The City Council has agreed to pursue a list of ideas for addressing the impacts of redeveloped homes that some residents consider out of scale or out of character with the surrounding neighborhood.
In response to public interest, city staff and the Planning Commission have been working for the past few months to document problems and propose potential solutions to the issues of neighborhood redevelopment compatibility. Based on research and extensive community outreach, the Commission presented preliminary recommendations to the City Council at the Council's July 16 meeting.
Recommendations, corresponding to three major areas of community concern, included:
- Steps to preserve trees and greenscape -- requiring tree retention on redeveloped single family lots, and requiring that front yards include some greenscape.
- Actions to address scale and character of redeveloped homes -- changing height measurement methods, changing requirements for placement of heating and air conditioning units, restricting "pop-up" carports, establishing special standards for homes exceeding a size threshold and restricting lot combinations.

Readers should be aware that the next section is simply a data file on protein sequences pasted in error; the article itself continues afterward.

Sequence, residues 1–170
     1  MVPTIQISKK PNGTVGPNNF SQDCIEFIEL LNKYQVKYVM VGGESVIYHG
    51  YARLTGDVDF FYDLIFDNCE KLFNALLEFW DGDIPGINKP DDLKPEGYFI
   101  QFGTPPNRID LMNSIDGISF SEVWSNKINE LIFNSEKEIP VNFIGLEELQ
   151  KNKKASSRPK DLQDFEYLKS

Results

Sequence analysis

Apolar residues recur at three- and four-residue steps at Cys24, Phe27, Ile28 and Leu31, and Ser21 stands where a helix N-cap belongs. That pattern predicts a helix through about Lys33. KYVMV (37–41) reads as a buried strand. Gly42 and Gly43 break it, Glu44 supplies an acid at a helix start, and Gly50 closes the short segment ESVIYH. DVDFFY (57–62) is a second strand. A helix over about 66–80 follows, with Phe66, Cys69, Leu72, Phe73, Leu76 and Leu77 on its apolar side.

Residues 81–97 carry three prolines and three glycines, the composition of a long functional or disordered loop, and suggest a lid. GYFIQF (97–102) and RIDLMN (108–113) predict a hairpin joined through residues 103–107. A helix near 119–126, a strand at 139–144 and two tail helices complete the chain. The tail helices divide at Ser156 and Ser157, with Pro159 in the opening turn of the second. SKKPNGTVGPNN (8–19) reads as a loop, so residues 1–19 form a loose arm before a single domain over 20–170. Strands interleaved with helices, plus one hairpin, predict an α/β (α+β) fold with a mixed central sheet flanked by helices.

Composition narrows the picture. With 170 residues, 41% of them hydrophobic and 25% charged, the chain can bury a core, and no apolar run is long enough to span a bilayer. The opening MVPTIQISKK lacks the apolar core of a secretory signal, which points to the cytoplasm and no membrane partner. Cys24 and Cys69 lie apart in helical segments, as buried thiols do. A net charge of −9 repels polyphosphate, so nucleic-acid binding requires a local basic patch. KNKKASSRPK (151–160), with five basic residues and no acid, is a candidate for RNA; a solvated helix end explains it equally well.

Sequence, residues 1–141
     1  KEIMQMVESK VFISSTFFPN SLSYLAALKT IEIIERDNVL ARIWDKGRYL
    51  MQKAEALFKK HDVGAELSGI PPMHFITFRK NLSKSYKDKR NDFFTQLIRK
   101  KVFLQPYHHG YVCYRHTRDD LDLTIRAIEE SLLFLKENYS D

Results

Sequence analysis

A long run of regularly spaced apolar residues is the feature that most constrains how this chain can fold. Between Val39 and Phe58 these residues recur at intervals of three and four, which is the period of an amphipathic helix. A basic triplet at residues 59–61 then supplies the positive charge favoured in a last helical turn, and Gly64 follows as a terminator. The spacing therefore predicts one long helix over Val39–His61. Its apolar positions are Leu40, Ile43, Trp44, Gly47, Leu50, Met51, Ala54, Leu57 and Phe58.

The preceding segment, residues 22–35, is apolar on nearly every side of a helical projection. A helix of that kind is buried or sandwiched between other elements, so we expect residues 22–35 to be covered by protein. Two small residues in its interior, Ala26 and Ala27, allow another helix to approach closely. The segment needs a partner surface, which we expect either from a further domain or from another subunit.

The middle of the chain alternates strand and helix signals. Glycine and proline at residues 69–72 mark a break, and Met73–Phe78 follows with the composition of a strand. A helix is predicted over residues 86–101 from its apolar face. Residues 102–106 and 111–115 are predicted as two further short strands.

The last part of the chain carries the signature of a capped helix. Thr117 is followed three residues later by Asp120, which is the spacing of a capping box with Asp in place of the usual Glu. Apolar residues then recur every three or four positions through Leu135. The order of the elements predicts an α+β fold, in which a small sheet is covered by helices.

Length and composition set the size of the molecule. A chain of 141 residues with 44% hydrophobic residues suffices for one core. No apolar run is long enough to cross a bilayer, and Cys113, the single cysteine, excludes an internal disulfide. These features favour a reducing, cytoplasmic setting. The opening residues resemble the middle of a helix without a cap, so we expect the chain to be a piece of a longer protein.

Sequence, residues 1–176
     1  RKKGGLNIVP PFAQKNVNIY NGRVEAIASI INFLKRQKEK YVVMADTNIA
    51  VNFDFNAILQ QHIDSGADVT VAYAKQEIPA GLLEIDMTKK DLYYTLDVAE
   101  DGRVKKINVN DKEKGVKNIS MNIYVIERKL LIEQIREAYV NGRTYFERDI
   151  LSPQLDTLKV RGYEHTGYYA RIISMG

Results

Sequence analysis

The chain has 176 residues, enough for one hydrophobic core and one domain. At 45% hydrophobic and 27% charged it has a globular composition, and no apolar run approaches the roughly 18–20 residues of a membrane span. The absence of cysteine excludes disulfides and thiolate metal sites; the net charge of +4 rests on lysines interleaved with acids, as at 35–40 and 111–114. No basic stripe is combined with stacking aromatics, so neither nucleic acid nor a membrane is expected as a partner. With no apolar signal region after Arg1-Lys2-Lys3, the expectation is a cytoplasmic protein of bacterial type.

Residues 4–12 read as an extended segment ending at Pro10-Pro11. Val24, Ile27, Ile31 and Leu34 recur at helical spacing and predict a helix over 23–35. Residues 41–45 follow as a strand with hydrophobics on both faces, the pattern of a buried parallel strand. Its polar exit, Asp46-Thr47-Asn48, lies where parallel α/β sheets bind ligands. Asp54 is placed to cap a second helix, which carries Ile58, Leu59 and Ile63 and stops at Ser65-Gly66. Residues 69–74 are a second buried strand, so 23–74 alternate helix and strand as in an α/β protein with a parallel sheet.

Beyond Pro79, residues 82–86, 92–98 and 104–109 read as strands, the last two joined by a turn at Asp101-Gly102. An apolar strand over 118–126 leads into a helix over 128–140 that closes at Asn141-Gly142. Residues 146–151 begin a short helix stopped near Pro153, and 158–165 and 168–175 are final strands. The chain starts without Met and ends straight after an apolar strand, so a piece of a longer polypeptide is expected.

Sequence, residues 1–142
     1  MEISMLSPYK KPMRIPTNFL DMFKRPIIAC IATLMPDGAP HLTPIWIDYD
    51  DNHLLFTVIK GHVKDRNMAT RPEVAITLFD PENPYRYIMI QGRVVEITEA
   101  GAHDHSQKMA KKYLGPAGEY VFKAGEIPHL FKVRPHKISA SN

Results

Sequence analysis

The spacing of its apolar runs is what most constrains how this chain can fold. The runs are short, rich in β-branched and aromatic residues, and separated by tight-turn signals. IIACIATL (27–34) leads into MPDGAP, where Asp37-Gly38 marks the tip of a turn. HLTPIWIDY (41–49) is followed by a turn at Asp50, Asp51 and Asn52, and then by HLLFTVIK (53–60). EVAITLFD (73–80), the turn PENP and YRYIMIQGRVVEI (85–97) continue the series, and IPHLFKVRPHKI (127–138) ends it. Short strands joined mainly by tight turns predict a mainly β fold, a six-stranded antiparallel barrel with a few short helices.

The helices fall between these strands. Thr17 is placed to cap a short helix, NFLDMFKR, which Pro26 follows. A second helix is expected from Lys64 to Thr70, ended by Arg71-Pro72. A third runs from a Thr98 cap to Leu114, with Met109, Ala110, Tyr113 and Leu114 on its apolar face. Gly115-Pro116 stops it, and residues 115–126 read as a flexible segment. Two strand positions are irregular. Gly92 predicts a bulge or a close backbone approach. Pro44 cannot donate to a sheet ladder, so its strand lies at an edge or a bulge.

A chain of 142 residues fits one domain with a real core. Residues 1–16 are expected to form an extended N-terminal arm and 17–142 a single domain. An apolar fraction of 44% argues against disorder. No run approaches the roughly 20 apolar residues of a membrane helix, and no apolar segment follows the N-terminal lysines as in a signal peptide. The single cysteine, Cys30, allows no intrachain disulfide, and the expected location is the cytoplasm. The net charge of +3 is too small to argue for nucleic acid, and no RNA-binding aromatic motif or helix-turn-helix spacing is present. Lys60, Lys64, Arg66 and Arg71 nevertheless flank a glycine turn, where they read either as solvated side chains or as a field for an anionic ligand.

- Steps to address construction impacts -- requiring regular debris removal from building sites and clean-up of abandoned building sites, requiring on-site signage to inform neighbors of construction codes and requirements, avenues for expressing concerns and contact numbers.
In directing the staff and Planning Commission to proceed, the City Council did not approve any code changes, but paved the way for code amendments and other steps to implement the recommendations. Prior to implementation, all recommended actions will receive further study and public input.
Some of the changes -- those that the City Council considered most urgent -- will be considered by the Planning Commission in early fall and could be implemented by early 2008. More complex changes will be considered later in 2008.
Council Members, Planning Commissioners and staff all emphasized that the recommendations aim for balance, fairness and flexibility -- supporting neighborhood investment, while encouraging graceful transitions.
"We're not trying to legislate taste," Councilmember Claudia Balducci noted. The changes, she said, address actions that destroy the privacy, peace and enjoyment of people's homes.
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